Alan Fletcher Research Station

Sherwood, Australia

Alan Fletcher Research Station

Sherwood, Australia
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Panetta F.D.,Alan Fletcher Research Station | Cacho O.,University of New England of Australia | Hester S.,University of New England of Australia | Sims-Chilton N.,Alan Fletcher Research Station | Brooks S.,Tropical Weeds Research Center
Journal of Applied Ecology | Year: 2011

Weed eradication efforts often must be sustained for long periods owing to the existence of persistent seed banks, among other factors. Decision makers need to consider both the amount of investment required and the period over which investment must be maintained when determining whether to commit to (or continue) an eradication programme. However, a basis for estimating eradication programme duration based on simple data has been lacking. Here, we present a stochastic dynamic model that can provide such estimates. The model is based upon the rates of progression of infestations from the active to the monitoring state (i.e. no plants detected for at least 12months), rates of reversion of infestations from monitoring to the active state and the frequency distribution of time since last detection for all infestations. Isoquants that illustrate the combinations of progression and reversion parameters corresponding to eradication within different time frames are generated. The model is applied to ongoing eradication programmes targeting branched broomrape Orobanche ramosa and chromolaena Chromolaena odorata. The minimum periods in which eradication could potentially be achieved were 22 and 23years, respectively. On the basis of programme performance until 2008, however, eradication is predicted to take considerably longer for both species (on average, 62 and 248years, respectively). Performance of the branched broomrape programme could be best improved through reducing rates of reversion to the active state; for chromolaena, boosting rates of progression to the monitoring state is more important. Synthesis and applications.Our model for estimating weed eradication programme duration, which captures critical transitions between a limited number of states, is readily applicable to any weed. A particular strength of the method lies in its minimal data requirements. These comprise estimates of maximum seed persistence and infested area, plus consistent annual records of the detection (or otherwise) of the weed in each infestation. This work provides a framework for identifying where improvements in management are needed and a basis for testing the effectiveness of alternative tactics. If adopted, our approach should help improve decision making with regard to eradication as a management strategy. © 2011 The Authors. Journal of Applied Ecology © 2011 British Ecological Society.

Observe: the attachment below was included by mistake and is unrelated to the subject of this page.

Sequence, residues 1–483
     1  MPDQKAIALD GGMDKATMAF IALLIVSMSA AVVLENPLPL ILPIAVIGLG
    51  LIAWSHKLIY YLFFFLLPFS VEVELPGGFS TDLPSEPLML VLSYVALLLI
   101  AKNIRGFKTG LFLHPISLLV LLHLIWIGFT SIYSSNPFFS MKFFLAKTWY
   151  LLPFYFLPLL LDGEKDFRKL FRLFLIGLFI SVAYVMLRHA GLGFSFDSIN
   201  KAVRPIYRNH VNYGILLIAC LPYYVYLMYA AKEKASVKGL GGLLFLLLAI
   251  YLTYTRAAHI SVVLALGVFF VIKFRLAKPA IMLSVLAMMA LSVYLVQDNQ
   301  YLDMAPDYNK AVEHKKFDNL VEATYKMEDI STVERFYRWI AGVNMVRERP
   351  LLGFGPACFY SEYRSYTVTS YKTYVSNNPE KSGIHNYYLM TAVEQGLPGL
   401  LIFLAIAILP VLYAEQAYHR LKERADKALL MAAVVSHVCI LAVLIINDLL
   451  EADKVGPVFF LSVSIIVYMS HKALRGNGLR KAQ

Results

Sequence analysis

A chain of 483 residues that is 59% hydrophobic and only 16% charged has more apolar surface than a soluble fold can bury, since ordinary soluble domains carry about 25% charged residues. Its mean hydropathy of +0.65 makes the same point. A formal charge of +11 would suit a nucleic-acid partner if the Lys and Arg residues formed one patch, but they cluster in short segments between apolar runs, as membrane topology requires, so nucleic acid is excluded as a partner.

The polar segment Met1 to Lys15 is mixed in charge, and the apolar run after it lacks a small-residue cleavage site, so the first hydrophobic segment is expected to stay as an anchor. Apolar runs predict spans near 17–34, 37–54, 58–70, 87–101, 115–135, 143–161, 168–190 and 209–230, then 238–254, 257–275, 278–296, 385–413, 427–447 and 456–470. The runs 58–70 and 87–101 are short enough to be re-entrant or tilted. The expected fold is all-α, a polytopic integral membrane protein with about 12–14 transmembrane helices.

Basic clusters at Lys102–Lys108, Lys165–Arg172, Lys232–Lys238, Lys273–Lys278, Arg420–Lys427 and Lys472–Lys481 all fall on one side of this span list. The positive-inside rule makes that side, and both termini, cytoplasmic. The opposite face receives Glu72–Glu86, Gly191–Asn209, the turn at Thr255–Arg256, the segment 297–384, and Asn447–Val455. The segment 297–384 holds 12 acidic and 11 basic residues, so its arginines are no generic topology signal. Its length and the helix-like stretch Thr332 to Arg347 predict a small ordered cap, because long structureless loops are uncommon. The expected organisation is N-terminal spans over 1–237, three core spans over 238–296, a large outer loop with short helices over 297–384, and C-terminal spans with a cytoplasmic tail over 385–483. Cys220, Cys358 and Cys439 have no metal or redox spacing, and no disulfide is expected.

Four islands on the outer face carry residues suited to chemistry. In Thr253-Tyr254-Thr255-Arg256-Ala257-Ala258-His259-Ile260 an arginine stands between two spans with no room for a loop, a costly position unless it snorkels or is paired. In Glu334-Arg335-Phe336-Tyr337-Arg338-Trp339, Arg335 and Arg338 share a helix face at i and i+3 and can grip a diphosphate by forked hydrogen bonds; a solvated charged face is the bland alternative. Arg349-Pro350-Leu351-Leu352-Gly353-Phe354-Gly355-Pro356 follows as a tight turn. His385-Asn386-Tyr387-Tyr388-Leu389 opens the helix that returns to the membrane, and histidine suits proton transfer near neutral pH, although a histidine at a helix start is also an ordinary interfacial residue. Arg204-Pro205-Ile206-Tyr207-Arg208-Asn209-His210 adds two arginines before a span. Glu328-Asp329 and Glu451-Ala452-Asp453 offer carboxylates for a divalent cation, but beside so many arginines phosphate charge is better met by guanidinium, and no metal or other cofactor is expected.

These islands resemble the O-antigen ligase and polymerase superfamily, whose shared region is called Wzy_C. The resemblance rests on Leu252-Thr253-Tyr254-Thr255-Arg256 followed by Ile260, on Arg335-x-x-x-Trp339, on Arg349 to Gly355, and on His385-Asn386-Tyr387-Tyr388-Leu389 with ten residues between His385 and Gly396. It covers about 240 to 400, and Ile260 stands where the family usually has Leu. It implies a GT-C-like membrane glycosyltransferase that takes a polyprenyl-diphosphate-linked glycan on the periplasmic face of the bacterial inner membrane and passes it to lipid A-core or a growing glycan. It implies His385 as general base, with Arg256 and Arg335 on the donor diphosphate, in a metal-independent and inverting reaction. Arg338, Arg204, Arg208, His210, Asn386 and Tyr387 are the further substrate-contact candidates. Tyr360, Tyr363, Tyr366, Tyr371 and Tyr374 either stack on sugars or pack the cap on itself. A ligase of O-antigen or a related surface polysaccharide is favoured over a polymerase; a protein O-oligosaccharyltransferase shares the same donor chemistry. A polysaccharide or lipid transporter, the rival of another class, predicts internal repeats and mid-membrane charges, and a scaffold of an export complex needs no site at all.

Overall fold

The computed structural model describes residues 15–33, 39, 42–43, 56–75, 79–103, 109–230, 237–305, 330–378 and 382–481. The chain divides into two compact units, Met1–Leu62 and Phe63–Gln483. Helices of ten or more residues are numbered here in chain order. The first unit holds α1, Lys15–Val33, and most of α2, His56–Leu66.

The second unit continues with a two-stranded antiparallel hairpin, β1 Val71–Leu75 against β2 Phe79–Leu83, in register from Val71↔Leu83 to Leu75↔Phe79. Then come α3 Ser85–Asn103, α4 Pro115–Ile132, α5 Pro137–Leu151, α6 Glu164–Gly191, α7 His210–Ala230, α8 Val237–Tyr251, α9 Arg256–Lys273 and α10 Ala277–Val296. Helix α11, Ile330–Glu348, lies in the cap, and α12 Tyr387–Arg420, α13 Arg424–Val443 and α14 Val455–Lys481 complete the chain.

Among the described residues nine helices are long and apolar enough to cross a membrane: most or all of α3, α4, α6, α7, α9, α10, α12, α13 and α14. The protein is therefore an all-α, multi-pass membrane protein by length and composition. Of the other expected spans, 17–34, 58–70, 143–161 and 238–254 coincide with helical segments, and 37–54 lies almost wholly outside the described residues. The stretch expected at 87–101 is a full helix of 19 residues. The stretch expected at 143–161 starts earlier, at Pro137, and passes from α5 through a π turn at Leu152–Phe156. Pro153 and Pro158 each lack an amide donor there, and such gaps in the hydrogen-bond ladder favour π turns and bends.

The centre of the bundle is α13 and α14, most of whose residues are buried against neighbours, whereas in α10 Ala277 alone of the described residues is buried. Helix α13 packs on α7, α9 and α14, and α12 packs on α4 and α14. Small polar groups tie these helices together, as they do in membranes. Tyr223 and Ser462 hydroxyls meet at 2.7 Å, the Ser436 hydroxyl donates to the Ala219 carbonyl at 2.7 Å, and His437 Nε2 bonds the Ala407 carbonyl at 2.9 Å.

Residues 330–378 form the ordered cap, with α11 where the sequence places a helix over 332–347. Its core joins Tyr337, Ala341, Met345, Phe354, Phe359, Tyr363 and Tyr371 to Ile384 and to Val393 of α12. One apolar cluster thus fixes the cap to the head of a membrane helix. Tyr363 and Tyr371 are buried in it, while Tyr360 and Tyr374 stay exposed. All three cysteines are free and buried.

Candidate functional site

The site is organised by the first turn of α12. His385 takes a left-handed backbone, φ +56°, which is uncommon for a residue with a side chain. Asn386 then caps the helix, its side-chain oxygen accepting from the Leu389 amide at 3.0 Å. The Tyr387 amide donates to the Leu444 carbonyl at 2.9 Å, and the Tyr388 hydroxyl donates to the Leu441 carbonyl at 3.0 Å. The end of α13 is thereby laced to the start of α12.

Skurka Darin G.M.,University of California at Davis | Schoenig S.,Integrated Pest Management Branch | Barney J.N.,University of California at Davis | Panetta F.D.,Alan Fletcher Research Station | DiTomaso J.M.,University of California at Davis